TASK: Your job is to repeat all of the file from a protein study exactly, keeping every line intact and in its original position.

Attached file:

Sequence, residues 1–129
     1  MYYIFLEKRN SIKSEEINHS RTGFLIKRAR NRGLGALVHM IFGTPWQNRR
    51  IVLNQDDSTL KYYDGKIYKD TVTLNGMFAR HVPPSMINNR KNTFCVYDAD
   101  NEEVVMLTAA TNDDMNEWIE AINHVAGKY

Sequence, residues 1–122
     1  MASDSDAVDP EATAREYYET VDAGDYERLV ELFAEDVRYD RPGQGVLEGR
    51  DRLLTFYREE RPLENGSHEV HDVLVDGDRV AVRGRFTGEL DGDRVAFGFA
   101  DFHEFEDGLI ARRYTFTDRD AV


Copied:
Sequence, residues 1–129
     1  MYYIFLEKRN SIKSEEINHS RTGFLIKRAR NRGLGALVHM IFGTPWQNRR
    51  IVLNQDDSTL KYYDGKIYKD TVTLNGMFAR HVPPSMINNR KNTFCVYDAD
   101  NEEVVMLTAA TNDDMNEWIE AINHVAGKY

Sequence, residues 1–122
     1  MASDSDAVDP EATAREYYET VDAGDYERLV ELFAEDVRYD RPGQGVLEGR
    51  DRLLTFYREE RPLENGSHEV HDVLVDGDRV AVRGRFTGEL DGDRVAFGFA
   101  DFHEFEDGLI ARRYTFTDRD AV